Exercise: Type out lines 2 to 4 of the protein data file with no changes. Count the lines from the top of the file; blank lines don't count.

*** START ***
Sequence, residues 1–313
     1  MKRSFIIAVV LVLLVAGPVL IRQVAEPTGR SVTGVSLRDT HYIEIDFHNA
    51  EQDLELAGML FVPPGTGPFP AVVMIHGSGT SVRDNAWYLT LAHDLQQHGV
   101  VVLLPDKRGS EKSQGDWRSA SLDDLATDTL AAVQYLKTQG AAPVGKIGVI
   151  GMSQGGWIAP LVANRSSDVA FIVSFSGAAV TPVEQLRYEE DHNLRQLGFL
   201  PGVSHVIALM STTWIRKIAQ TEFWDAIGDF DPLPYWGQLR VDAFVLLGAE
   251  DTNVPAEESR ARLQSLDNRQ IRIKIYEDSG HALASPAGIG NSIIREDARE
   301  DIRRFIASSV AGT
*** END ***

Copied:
     1  MKRSFIIAVV LVLLVAGPVL IRQVAEPTGR SVTGVSLRDT HYIEIDFHNA
    51  EQDLELAGML FVPPGTGPFP AVVMIHGSGT SVRDNAWYLT LAHDLQQHGV
   101  VVLLPDKRGS EKSQGDWRSA SLDDLATDTL AAVQYLKTQG AAPVGKIGVI